Heavy metals are crucial to many industries, but are often harmful to human health. Here are some tips for protecting your drinking water from these dangers.
Why Heavy Metals are Concerning
Heavy metals earned their name thanks to their relatively high density. They include some of the most common metals on Earth, such as copper, tin, gold, and silver, and are widely used in manufacturing, agriculture, and other industries.
While some heavy metals pose little risk to human health, others can be extremely harmful, particularly to children and developing fetuses. There are four heavy metals on the World Health Organization’s (WHO) list of Ten Chemicals of Major Public Health Concern: arsenic, cadmium, lead, and mercury. In addition to setting Maximum Contaminant Levels for many heavy metals, the EPA has also issued additional rules for arsenic, lead, and copper.
Chronic arsenic poisoning affects the skin, digestive system, and brain functions, and has been linked to several cancers. Serious cadmium overexposure can also cause cancer as well as kidney and musculoskeletal issues, though milder cases lead to fever and gastrointestinal problems. As we have seen, lead is highly dangerous to humans. Copper, meanwhile, can create gastrointestinal problems in the short term, and liver or kidney damage in the long term.
Other metals may not be bad for your health but still negatively affect your water quality. Higher levels of iron and manganese, for example, can lead to unpleasant odor or taste in water as well as create rust and corrosion, which shortens the lifespan of your appliances and could cause more dangerous chemicals to leach into the water.
How to Tell if Your Water has Heavy Metals
Heavy metals get into your water a few different ways.
Cadmium usually becomes an issue when people eat plants and animals that were raised on contaminated water and soil. “However, impurities in the zinc of galvanized pipes and solders in fittings, water heaters, water coolers and taps can sometimes lead to increased cadmium levels in drinking-water,” says the WHO.
Some arsenic occurs from volcanic activity and other natural processes. However, human activities like mining and pesticide production have led to much higher concentrations of arsenic in certain areas. The WHO has cited the USA, among other countries, as having higher levels of arsenic in groundwater.
Lead and copper contamination sometimes occurs from insufficiently treated groundwater but often affects homeowners with older (1930s or before) plumbing systems that include lead or copper pipes or fittings, though lead was still used in some plumbing materials until the 1980s. These outdated materials break down, leaching these metals into the water.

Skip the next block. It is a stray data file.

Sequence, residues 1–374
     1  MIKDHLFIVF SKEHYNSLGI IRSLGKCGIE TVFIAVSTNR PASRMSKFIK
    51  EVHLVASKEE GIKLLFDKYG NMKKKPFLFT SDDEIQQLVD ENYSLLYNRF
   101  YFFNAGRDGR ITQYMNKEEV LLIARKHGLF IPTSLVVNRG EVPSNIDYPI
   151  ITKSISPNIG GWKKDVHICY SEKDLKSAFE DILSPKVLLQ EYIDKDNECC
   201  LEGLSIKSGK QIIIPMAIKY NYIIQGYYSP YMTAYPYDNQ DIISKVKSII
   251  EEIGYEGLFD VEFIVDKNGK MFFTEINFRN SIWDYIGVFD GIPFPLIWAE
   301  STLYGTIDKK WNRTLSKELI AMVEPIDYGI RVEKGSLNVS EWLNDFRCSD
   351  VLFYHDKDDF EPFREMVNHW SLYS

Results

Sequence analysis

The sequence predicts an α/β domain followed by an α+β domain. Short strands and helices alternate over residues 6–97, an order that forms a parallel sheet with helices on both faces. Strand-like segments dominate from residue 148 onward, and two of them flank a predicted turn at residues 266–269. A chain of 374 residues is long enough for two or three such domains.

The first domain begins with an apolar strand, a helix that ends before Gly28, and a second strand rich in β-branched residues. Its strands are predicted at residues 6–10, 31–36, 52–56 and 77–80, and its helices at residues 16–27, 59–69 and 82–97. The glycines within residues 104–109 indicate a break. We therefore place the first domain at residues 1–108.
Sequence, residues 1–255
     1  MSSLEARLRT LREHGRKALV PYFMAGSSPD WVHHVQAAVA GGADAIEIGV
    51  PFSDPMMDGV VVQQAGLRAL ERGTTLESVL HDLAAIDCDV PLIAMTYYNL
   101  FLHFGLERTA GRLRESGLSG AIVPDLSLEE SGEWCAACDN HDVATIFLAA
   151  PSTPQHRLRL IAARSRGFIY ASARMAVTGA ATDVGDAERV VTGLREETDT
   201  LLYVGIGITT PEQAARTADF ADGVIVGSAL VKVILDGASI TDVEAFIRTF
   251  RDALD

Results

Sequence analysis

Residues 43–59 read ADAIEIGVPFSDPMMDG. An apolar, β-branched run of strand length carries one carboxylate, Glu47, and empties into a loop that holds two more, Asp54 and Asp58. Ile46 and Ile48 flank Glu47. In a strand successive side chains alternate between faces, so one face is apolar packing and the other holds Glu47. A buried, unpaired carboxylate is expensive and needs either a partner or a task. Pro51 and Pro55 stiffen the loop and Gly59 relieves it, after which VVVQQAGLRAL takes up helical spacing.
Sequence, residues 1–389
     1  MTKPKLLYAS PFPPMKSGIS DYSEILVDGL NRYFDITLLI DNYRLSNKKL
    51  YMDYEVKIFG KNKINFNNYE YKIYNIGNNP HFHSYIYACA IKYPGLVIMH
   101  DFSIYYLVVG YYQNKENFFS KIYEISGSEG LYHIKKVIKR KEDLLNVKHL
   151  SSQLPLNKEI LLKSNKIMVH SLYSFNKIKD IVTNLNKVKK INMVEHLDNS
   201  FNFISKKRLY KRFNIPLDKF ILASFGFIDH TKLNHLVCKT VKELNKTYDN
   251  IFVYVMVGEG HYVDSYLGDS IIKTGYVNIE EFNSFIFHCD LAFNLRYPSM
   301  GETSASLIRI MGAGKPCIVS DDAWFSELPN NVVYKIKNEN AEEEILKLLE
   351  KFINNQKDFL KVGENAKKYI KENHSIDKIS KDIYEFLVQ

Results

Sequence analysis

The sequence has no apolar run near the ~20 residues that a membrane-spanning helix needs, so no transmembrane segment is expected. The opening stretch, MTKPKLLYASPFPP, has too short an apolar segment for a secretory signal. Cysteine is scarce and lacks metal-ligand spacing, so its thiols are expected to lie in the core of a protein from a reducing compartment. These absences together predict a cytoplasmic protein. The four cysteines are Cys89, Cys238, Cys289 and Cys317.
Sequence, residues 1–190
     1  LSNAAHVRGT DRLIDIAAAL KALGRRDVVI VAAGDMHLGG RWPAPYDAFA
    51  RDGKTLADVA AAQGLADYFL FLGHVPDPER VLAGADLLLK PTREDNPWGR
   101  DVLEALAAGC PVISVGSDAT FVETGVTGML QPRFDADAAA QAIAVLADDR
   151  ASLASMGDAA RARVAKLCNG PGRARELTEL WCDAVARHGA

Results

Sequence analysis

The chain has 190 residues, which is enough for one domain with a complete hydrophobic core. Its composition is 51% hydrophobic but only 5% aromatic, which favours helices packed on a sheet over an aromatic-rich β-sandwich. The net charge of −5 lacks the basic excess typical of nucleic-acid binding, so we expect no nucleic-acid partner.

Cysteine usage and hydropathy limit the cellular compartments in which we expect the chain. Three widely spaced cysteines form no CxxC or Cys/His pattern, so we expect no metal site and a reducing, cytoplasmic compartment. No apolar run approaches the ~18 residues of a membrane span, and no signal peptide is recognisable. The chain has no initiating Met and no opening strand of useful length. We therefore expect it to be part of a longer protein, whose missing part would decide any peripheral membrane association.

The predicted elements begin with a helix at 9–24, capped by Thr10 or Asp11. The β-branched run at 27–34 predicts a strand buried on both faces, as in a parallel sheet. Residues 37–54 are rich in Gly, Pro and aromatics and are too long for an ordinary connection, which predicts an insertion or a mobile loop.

If you get your water from a public supplier, look for your Consumer Confidence Report. Required annually by the EPA for most water systems, this document will show results of recent water quality testing, including the concentration levels of any contaminants and steps the supplier is taking to fix any issues.
These reports, however, only apply to the delivery network, not to your plumbing. The only way to know for sure what’s in your water is to have it tested. A certified water testing laboratory can ensure that the test includes every substance of concern. Hague Quality Water of Maryland also provides free water testing to Maryland homeowners!
How to Prevent Harm from Heavy Metals
If you’re concerned about heavy metals in your water, there are several steps you can take. First, your Consumer Confidence Report will include contact information for your local supplier if you would like to further discuss the report and any tips they recommend.
Second, work with a licensed plumber to assess the water infrastructure of your home or business. Experts like ours at Hague Quality Water of Maryland can help you make any necessary changes or updates. If your primary concern is drinking water, make sure your fridge filter is certified to remove heavy metals. If your fridge doesn’t have a water dispenser, a bottleless water cooler may suit your needs well.
Finally, you may want to consider installing a house-wide filter to ensure your water is always safe and high-quality, even if the water coming from your supplier leaves something to be desired.